#Sciencedeskdigs: Harddrives

a bright orange case with several dozen black harddrives in it

NPS Photo/ M.Reed

Make some noise for Acoustic Biologist, Emma Brown! If you love hearing those songbirds, croaking frogs, or bugling elk at national parks then you can thank her for helping to reduce the noise pollution that would get in the way of those wonderful natural sounds. Read on to hear how she does this.

What are these?
These are hard drives that store sound recordings and sound pressure level measurements from 820 sites in 111 national parks. We use the information stored in this archive to learn about noise pollution in an area and catalog the natural sounds that are present. These sounds are collected by placing weatherproof recording systems in the field for at least 25 days. We then listen to and analyze a portion of the days. We then use custom software to step through the data, hour by hour, to identify noise events like the jet in the image below. That data is then used to make resource summaries which help managers better understand noise pollution at their park.

The National Park Service protects natural and cultural sounds because hearing these sounds is an important part of a visitor’s experience in a park, and because natural sounds are critical to wildlife health. I got involved in this field of research through an internship at Point Reyes National Seashore. At the time, the NPS was just starting to develop a national protocol for acoustic inventories, so it was really exciting to be involved in the design and testing phase.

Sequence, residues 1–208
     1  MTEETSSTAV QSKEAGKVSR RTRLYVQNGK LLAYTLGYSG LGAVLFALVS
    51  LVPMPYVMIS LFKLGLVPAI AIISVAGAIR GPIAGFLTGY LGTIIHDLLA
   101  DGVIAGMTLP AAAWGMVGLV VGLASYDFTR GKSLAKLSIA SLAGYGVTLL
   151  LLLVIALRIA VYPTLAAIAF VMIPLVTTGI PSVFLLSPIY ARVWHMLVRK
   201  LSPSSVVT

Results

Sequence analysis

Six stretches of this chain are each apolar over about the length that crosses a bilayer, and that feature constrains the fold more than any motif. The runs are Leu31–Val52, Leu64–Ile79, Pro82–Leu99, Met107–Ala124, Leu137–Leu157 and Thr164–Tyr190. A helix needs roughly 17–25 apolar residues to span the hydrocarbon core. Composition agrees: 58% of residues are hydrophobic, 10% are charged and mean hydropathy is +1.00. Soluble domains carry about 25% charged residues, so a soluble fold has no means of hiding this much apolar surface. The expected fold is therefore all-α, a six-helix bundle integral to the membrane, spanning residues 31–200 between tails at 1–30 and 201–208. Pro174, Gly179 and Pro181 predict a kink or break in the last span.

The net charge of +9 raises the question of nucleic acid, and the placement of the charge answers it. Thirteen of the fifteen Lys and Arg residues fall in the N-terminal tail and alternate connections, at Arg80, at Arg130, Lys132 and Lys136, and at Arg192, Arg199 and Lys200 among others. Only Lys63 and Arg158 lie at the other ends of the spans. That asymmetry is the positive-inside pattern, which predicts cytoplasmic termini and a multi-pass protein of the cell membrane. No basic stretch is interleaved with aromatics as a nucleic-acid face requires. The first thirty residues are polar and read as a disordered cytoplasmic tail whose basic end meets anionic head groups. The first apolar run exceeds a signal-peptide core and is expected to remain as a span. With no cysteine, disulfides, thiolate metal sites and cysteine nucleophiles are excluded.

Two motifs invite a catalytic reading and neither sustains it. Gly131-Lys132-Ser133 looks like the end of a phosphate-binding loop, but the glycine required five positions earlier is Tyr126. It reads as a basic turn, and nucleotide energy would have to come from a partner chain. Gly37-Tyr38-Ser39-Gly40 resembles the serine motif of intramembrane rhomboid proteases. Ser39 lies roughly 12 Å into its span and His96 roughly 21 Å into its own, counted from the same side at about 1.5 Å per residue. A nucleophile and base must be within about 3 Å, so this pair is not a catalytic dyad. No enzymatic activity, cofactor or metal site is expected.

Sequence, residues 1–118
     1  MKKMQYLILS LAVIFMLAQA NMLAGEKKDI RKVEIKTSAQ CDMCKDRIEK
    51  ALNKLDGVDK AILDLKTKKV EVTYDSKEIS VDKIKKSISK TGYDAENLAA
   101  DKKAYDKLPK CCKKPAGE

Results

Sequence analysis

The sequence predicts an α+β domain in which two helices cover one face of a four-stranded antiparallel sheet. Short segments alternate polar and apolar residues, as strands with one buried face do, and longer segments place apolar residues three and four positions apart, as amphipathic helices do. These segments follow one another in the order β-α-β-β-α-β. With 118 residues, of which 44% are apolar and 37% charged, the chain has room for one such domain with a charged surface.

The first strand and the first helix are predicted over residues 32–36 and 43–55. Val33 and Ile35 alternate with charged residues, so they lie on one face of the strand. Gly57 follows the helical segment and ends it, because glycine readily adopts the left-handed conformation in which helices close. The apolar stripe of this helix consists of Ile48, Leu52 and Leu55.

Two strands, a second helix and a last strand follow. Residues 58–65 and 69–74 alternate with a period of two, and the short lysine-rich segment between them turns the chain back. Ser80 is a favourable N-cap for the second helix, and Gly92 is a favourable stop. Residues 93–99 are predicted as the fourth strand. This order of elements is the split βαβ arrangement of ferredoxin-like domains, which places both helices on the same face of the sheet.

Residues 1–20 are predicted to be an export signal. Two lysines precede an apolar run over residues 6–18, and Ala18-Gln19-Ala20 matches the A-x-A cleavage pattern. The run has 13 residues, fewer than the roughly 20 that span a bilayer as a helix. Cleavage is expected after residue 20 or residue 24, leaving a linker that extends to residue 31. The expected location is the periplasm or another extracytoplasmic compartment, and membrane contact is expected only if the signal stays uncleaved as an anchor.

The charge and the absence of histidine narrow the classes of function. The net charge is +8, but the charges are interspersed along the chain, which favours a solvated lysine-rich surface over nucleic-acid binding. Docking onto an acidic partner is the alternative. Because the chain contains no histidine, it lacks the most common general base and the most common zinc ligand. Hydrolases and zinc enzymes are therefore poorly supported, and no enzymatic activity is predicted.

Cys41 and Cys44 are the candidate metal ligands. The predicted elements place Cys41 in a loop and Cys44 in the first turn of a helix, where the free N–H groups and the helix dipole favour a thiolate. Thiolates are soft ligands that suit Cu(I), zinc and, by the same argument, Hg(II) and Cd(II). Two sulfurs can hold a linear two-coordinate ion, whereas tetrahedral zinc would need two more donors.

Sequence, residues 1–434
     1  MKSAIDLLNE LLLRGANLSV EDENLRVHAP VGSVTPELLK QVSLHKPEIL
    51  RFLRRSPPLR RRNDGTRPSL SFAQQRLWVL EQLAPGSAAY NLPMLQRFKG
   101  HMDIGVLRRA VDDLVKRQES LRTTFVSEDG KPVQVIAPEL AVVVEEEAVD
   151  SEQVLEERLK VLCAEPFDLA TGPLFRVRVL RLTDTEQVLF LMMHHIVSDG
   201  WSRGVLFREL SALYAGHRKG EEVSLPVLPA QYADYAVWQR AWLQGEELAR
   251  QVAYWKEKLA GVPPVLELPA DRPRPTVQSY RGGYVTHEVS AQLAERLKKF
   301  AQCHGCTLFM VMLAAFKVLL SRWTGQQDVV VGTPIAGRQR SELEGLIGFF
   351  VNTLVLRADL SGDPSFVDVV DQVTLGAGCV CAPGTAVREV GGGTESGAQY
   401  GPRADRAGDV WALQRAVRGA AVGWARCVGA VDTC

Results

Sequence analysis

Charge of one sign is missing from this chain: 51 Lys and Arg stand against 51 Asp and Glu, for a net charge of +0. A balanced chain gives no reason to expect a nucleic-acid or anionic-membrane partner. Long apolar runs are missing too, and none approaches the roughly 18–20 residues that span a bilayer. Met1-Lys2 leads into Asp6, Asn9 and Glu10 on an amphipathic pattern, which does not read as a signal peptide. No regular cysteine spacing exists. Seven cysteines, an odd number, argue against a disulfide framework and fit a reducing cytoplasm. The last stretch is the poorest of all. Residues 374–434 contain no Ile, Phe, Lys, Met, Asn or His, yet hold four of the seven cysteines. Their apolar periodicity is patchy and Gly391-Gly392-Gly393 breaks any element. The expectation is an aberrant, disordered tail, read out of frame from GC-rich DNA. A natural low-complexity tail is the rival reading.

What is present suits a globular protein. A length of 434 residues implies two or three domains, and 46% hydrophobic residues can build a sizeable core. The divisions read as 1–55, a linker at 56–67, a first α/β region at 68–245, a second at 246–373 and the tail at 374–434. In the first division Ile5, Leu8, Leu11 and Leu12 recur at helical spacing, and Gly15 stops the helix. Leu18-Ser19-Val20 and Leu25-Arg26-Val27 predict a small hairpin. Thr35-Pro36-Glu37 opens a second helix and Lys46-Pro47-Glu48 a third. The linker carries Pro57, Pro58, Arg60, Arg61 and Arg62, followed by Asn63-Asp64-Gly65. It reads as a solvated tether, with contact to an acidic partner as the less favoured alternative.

We have recorded so many fascinating sounds in parks across the country, it’s hard to pick a favorite, but the ptarmigan from Denali National Park and alligator from Everglades National Park are definitely near the top of the list.

You can listen to Emma’s favorite sounds and many more on the Natural Sound's gallery page
graph with sound pressure levels represented in orange and jet and bird chorus pointed out
A spectrogram (which translates sound recordings into a picture) of one hour (4:00) from North Cascades National Park. NSNSD uses spectrograms to identify noise events and natural sounds at a given site.

Last updated: March 8, 2018